Finally, finally, finally, Alex gets it!!! And we’re going to do everything in our power to make sure he can keep it!

On Choice

  • Posted on January 19, 2015 at 10:00 AM

For some reason, I keep running into these same words, “I didn’t have a choice.” It’s cropped up so many times lately that I just have to comment. My point is simple: There’s always a choice!

Admittedly, we may have few choices, we may have bad choices, but nonetheless we always have a choice. Claiming anything else serves only two purposes: justification and disempowerment.

It started with a line in a book. “Remember this, you don’t have a choice.”

Except, even as that was said, the explanation belied the statement: Basically, the choice was to go along with the powerful but good person or fall into the hands of the powerful bad person. To avoid the latter, the powerful good person was willing to destroy the characters she was trying to save.

We are talking about a life-or-death choice, but it is nonetheless a choice. And, honestly, there are some things we, as human beings, need to be willing to die for. Today is a good day to take a moment and think about that.

Today is the day we honor Martin Luther King, Jr., one of the great American heroes. He became a hero, not be disavowing his choices, but by claiming his right to choose. And Martin Luther King, Jr. did choose and he chose well.

Faced with prejudice, Martin Luther King, Jr. chose open-heartedness. Faced with hatred, Martin Luther King, Jr. chose love. Faced with violence, Martin Luther King, Jr. chose peace. Faced with oppression, Martin Luther King, Jr. chose resistance. Faced with fear, Martin Luther King, Jr. chose compassion. Faced with anger, Martin Luther King, Jr. chose understanding.

These were not easy choices. They were inevitably life-and-death choices and Martin Luther King, Jr. chose what he did, knowing the example he was setting and the risks he was taking. He could have much more easily have said, “I have no choice.” He could have sat down, shut up, and lived long. If he had, he wouldn’t be a hero, because he wouldn’t have made a difference. He would have lived longer, but he would not have lived better.

Every time we say, “I have no choice,” we give our power to choose away to another. When we abdicate our responsibility to choose, we give up our ability to make a difference. Today, of all days, honor your right and your responsibility to choose. Don’t take the easy way. Do something that will make a difference.

On Charity, Social Work, and Public Administration

  • Posted on January 16, 2015 at 10:00 AM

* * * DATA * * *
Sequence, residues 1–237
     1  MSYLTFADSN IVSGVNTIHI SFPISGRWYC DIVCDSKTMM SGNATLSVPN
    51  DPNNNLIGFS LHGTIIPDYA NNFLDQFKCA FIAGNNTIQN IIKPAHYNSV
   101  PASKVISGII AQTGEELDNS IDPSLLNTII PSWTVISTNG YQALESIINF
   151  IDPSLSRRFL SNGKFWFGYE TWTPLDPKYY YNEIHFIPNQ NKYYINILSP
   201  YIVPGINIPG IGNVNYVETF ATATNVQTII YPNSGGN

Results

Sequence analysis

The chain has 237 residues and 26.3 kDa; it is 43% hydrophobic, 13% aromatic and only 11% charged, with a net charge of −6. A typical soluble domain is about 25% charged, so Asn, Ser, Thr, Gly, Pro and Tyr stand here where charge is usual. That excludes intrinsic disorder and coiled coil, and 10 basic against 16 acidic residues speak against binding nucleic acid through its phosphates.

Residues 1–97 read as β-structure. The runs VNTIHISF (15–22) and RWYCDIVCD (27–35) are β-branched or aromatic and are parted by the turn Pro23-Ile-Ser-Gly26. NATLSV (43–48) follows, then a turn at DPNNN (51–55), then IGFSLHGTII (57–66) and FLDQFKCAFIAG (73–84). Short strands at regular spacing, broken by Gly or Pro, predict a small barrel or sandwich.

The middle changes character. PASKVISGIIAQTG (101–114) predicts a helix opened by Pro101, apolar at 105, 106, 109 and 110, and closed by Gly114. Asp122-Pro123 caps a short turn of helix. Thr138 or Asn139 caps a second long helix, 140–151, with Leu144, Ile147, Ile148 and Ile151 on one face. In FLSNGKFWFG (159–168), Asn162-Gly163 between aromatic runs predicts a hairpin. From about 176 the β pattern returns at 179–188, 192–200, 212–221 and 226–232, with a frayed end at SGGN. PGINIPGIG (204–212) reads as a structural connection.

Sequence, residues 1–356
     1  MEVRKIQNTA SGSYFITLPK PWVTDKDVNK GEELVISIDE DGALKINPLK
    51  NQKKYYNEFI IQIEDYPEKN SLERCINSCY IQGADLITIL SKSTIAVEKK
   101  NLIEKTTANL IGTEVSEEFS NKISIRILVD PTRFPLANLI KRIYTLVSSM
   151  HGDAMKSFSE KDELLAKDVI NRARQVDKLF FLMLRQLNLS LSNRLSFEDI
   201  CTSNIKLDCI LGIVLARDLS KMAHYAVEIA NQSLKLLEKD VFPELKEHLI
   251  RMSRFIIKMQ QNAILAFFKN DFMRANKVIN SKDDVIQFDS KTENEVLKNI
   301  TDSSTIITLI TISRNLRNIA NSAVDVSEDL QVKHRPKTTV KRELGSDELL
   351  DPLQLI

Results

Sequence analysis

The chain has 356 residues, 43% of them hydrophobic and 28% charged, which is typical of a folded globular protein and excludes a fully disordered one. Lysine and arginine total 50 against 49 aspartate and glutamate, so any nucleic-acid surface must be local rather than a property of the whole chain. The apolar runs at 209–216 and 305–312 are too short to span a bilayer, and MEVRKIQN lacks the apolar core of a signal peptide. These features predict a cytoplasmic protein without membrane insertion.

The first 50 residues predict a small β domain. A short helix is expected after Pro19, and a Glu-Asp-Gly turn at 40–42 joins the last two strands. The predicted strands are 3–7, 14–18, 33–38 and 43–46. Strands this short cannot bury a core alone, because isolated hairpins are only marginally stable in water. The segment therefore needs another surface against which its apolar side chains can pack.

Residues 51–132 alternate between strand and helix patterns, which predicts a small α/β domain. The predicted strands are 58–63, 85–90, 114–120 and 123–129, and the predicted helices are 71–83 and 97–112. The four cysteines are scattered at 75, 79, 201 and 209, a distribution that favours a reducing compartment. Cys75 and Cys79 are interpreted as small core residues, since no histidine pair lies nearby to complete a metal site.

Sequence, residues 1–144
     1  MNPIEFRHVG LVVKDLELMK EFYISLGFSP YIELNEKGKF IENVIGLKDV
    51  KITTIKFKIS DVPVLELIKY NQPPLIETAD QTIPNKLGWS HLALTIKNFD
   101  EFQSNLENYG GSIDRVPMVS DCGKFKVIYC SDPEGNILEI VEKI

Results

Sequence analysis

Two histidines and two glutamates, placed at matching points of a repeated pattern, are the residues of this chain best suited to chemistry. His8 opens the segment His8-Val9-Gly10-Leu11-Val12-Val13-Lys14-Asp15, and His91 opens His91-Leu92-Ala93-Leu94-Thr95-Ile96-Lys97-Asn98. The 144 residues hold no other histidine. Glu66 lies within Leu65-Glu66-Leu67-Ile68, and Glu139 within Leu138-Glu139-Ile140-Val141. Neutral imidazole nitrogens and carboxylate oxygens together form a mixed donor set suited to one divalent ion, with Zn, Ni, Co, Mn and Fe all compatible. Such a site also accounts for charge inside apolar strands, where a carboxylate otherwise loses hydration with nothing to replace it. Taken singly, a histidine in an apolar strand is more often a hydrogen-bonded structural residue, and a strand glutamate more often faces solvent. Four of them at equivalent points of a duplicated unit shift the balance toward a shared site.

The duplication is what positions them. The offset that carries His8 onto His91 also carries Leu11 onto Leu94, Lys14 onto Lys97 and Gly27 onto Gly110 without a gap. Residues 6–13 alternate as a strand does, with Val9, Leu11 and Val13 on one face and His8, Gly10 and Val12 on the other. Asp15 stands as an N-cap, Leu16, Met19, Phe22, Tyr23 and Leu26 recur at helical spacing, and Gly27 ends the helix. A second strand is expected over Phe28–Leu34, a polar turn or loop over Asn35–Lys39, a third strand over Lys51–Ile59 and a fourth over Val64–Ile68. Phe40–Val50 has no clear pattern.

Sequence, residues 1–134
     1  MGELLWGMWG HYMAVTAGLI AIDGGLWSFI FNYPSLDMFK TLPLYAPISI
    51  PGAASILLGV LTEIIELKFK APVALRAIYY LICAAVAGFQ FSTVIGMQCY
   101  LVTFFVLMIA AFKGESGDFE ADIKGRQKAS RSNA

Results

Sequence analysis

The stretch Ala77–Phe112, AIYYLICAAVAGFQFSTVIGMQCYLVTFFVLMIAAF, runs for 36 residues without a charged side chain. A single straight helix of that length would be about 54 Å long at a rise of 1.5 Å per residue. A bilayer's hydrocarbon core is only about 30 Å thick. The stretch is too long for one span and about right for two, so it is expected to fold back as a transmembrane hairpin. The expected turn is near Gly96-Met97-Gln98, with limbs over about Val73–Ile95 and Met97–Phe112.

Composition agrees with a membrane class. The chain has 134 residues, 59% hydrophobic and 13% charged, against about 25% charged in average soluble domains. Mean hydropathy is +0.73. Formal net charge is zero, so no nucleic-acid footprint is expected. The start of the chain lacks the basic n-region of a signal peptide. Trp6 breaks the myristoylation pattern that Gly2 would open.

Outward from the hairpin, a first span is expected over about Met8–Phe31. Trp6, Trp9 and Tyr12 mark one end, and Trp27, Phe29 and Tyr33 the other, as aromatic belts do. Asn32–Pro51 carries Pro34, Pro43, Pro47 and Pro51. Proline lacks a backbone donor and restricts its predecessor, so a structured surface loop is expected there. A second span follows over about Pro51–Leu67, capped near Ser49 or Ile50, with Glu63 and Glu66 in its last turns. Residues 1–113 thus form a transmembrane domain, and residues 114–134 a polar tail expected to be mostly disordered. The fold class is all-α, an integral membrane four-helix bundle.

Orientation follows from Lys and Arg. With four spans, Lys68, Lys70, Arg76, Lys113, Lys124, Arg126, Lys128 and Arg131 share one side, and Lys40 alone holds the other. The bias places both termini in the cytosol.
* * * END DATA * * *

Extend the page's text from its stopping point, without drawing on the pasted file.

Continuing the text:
It is the opinion of this writer that any time you make a generalization, you enter dangerous territory. Among other things, you risk making the totality of your point (which might be valid if it were better defined) null and void by a single, contradictory example.

[Enter James I. Charlton’s Nothing About Us Without Us from stage left]

In what must be considered poignantly illustrative of their perilous and degraded status, people with disabilities are significantly controlled by charity and social service institutions (broadly considered, private welfare agencies, asylums, and residential facilities). This is the case throughout the world, although charities are more prevalent in the United States and Europe.

Some might see that it is contradictory to point out that most people with disabilities do not have access to a safety net while at the same time criticizing charities and social service agencies. (p.93)

Charlton’s premise consists of a few main points:

  1. While charities and social service agencies (lumped together, falsely) do help some, they also create dependency.
  2. They contribute to the degradation and isolation of those they help, but taking care of clients whilst keeping them out of sight.
  3. If the problems they ameliorate were solved, the charities would cease to exist.
  4. Many of the people who do this work do so because, in the words of Billy Golfus, “Their game is about wanting to be in control of other peoples’ lives,” (p. 94).

First, charities are nonprofit organizations that gather donations from the public (through public and private grants, as well) in order to meet an organizational mission. These charities may hire social workers, but a social service agency is, almost by definition, a government organization, which also hires social workers. Lumping these very different kinds of organizations together as a single problem or as a collective is logically unsound, because they operate and function in very different ways for very different purposes.

Second, the unfortunate reality is that people who cannot support themselves are dependents. While much is done that encourages continued dependence, this is true across the entire strata of society, from families to international governments. If that is to change, then services need to be made available that contribute to independence. It’s a difference of paradigm and mission, not organizational or functional structure. A nonprofit that takes creating independence, or better yet interdependence, as its mission would still be classified as a charity or a social service agency, depending on whether it’s independent or governmental in nature.

Third, organizations with such a mission already exist, as a byproduct of the same attitudes and social changes that have made the DRM movement possible. There are organizations that have already made the transition from disempowering caretaker organizations to empowering education organizations.

 

Fourth, any organization that fails to adapt when its environment changes, dies. Those that try to keep the environment from changing inevitably fail and die. Only those that change survive. This is no less true of charities than of any other organization.

Fifth, there certainly are people who strive to exert control over others’ lives. Some gravitate towards social work. Some start charities. Some start businesses. Some start wars. Most just have kids. We live in a broken world full of such people and the rest of us just have to live with that, or change it.